WHO lists schizophrenia as one of the top 10 disorders contributing to the global burden of disease. Schizophrenia usually begins when patients are young and continues to a greater or lesser extent throughout their lives. The prevalence is estimated at 1% of the global population.
The hallmarks of schizophrenia include hallucinations, delusions, disorganized thinking, and “negative” symptoms such as emotional and cognitive blunting. Motor disturbances range from uncontrolled, aimless activity to catatonic stupor, in which the patient may be immobile, mute, and unresponsive, yet fully conscious. Also common are repetitive, purposeless mannerisms and an inability to complete goal-directed tasks. Patients with schizophrenia may have other mental health conditions, such as major depression and anxiety disorders. Alternatively, manifestations of schizophrenia can be confused with symptoms of depression or anxiety. The lifetime occurrence of substance abuse in individuals with this disorder is approximately 50%. Associated illnesses include schizophreniform disorder, in which schizophrenic manifestations occur for less than 6 months, and brief psychotic disorder, which lasts less than 1 month. Patients with schizoaffective disorder have a significant mood disorder, such as depression, in addition to the psychotic manifestations.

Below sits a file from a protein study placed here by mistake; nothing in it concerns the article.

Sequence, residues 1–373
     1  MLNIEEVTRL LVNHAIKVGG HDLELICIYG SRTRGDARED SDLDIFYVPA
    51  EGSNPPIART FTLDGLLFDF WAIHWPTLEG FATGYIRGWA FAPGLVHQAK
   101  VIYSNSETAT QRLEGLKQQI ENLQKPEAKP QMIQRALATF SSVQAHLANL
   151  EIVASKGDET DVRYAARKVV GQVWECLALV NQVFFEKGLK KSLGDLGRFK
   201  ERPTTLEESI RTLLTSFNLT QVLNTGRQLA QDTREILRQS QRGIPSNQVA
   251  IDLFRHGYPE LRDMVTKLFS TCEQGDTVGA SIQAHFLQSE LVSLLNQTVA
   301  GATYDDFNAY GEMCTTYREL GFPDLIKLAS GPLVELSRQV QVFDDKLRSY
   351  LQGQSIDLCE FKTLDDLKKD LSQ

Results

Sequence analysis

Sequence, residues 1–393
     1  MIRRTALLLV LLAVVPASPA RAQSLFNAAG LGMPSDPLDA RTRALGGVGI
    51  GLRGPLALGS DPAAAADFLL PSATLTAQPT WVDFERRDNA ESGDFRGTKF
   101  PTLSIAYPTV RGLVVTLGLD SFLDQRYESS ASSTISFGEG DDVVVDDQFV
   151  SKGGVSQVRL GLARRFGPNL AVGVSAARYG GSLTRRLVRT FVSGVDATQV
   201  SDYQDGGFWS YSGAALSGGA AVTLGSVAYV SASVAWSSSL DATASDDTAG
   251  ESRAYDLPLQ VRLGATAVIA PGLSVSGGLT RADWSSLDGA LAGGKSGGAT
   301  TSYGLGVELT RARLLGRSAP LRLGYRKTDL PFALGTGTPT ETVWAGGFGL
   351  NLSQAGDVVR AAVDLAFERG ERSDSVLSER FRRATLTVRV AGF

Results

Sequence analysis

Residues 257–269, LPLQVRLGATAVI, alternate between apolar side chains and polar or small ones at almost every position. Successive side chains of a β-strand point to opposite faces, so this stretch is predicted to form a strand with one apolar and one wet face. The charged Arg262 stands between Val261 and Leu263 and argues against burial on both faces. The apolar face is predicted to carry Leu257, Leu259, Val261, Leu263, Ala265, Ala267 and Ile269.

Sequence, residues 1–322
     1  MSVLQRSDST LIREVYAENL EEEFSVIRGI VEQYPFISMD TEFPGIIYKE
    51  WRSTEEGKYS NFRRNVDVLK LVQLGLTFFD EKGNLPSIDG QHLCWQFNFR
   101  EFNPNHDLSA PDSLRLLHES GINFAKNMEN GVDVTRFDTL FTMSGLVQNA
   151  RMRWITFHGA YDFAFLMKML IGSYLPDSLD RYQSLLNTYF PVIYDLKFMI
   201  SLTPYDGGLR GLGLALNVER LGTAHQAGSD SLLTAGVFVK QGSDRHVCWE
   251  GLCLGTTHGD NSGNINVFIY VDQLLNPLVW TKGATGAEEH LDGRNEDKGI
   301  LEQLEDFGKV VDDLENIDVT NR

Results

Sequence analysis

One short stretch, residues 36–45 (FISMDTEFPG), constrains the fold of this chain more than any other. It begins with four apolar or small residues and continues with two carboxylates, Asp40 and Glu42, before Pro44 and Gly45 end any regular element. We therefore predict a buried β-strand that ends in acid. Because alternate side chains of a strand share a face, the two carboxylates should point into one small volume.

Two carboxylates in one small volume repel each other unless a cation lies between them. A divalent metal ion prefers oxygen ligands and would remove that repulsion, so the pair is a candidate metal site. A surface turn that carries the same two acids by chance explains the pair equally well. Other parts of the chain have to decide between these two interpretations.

Excerpted from BCSC 2020-2021 series: Section 1 - Update on General Medicine. For more information and to purchase the entire series, please visit https://www.aao.org/bcsc.